Certainly this young man has every right to yell "Remember Chappaquiddick" at Ted Kennedy right before he was set to give a speech yesterday. He took offense at the introduction offered about how Kennedy "overcame adversity" in his life and decided to yell this at Senator Kennedy as a form of protest. While he is well within his rights to do so, it constitutes bad manners in my opinion. Just like the young man who asked Ann Coultier if she enjoyed being sodomized by her husband, this kind of yell-something-provocatory-on-the-way-out-the-door protest is weak and rude. If you want to engage Kennedy about his previous deeds there are other ways to do so. Senator Kennedy is a United States Senator, and as such, deserves respect because of the office he holds. He did not come to speak and absolve himself of the Chappaquiddick incident, but about something different. This attack leaves the Senator with two options....address the remark, which would take away from why he was there or ignore it. Either way it is not a fair forum to Senator Kennedy to defend himself.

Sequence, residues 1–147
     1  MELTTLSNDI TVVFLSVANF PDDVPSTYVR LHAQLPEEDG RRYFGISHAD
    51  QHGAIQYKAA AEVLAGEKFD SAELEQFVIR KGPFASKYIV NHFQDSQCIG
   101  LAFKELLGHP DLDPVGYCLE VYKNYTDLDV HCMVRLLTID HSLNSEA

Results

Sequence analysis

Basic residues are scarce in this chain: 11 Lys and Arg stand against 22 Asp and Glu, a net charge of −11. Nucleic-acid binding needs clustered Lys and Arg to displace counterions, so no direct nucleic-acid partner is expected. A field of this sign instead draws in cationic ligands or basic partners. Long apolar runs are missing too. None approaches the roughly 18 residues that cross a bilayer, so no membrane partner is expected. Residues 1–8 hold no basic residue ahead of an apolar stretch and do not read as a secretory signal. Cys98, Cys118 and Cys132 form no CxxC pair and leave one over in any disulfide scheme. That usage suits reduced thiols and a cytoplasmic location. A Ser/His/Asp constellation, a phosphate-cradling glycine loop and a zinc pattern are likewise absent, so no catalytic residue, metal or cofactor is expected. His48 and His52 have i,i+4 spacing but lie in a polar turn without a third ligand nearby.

Now while I believe that Senator Kennedy was intoxicated and culpable in the death of Ms. Kopechne, he has never been found guilty in a court of law and despite evidence of malfeasance, the voters of the Commonwealth of Massachusetts have repeatedly elected him to his office.
Basically, anyone invited to speak should be given the respect that invitation deserves. If you want to expose Senator Kennedy, call 60 Minutes and sick them on him. Since the justice system's flaws allowed Senator Kennedy to avoid punishment for the death of Ms. Kopechne (I do not think it was murder, but callous indifference and ass-covering), just like OJ, we have to respect his rights. If OJ were speaking and we attended the speech, we should all sit down and listen. Yelling out protests is infantile and self-aggrandizing.
If the school tries to discipline this lad, Senator Kennedy should defend him. That would be the noble thing to do and might teach the young man a thing or two about decorum.